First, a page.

Book review: Breasts And Eggs takes a crack at defining womanhood

Breasts And Eggs by Mieko Kawakami, translated by Sam Bett and David Boyd. PHOTO: PICADOR



By Mieko Kawakami, translated by Sam Bett and David Boyd

Picador/Paperback/404 pages/$29.95/Available at

Cramped apartments with barely any windows; a stained tank top; cigarette butts outside the front door.

The stain of poverty permeates this novel by Mieko Kawakami, 44, a singer-songwriter and blogger before becoming known as a writer.

In 2008, she won Japan's Akutagawa Prize for promising new writers of serious fiction for her novella Breasts And Eggs, which has since been expanded into a novel and now translated into English.

Writer Natsuko, her older sister Makiko and the latter's daughter Midoriko are at the centre of this book, which looks at working-class women.

The sisters grew up in a tiny apartment in town near the ocean with a "little man" of a father and a mother who worked a few jobs a day.

The girls later run away from their deadbeat and abusive father with their mum to join their maternal granny in Osaka. But in two years, they lose their mother to breast cancer and their grandmother to lung cancer.

Makiko, who works as a bar hostess, gets knocked up and becomes a single mother like her mum before her. Natsuko, meanwhile, grabs 10 of her favourite books and moves to Tokyo for her studies, later becoming a struggling writer.

The first half of the story unfolds when Makiko, 39, and the teenage Midoriko travel to Osaka to visit Natsuko, 30, one summer.

Makiko, who faces competition from young foreign rivals, is obsessed with the idea of breast enlargement, while Midoriko, who is grappling with puberty, finds it a strain to talk to her mum.

Poverty and gender intersect in the case of Makiko and Natsuko, who find themselves eking out paths starkly different from that usually taken by women in Japan.

The story, told through Natsuko, explores the ways in which women rebel against social norms in Japan and the relationships between sisters as well as mother and daughter.

The first half of the book culminates in a sticky and messy scene as mother and daughter crack under pressure.

The second half, which is expanded from the novella, introduces more characters and examines the topic of children conceived through donor sperm and the ensuing ethical issues.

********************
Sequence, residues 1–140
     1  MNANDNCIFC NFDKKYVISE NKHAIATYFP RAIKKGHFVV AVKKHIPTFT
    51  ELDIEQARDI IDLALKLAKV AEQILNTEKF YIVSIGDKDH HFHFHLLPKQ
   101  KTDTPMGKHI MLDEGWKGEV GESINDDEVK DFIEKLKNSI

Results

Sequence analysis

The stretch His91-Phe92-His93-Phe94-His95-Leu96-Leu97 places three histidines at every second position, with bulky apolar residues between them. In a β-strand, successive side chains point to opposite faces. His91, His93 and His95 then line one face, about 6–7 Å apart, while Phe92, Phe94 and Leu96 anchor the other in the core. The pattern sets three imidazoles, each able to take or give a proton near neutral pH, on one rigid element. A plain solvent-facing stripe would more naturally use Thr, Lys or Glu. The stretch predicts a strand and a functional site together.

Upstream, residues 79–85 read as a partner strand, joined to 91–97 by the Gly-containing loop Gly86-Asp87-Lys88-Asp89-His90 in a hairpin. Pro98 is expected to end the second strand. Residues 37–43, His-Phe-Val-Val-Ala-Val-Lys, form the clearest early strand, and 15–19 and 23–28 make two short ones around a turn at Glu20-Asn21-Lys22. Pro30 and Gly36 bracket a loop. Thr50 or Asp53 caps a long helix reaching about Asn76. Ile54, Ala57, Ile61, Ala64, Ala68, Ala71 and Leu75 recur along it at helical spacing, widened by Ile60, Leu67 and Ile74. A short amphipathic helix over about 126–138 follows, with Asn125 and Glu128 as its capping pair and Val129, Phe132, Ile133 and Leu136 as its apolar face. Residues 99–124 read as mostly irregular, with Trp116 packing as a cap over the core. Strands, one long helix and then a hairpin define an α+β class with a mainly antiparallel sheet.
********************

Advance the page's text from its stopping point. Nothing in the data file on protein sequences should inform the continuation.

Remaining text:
Now 10 years older and still single, Natsuko has achieved some success with a published book of short stories. Some envy her free-and-easy existence as a writer, yet she wonders if she is missing out on life.

She dreads the act of sex and toys with the idea of bringing life into the world using donor sperm.

But she reweighs her options after encountering two individuals, Aizawa and Yuriko, who are scarred from being the offspring of anonymous donor dads. Horrible scars in the case of Yuriko, who was sexually abused in her youth.

Author Kawakami displays a deft satirical touch in a scene in which a pudgy man with a wart, who claims his sperm is in the top percentile, offers to grease Natsuko's quest to be a mother, including the option of "skin to skin" delivery of his sperm.

The translators have captured the musicality of Kawakami's prose, though it is hard to discern if they have managed to preserve the original's Osaka dialect.

Leavened by some comic moments, Breasts And Eggs is an ambitious work that takes a good crack at interrogating what makes a woman a woman and the precariousness of a woman's existence.

If you like this, read: Convenience Store Woman by Sayaka Murata (Granta Books, 2019, $17.95, available at, which tells the story of a female outsider in Japan. The protagonist is 36, single and devoted to her job in a convenience store and the novel paints a fascinating view of life inside these ubiquitous places.

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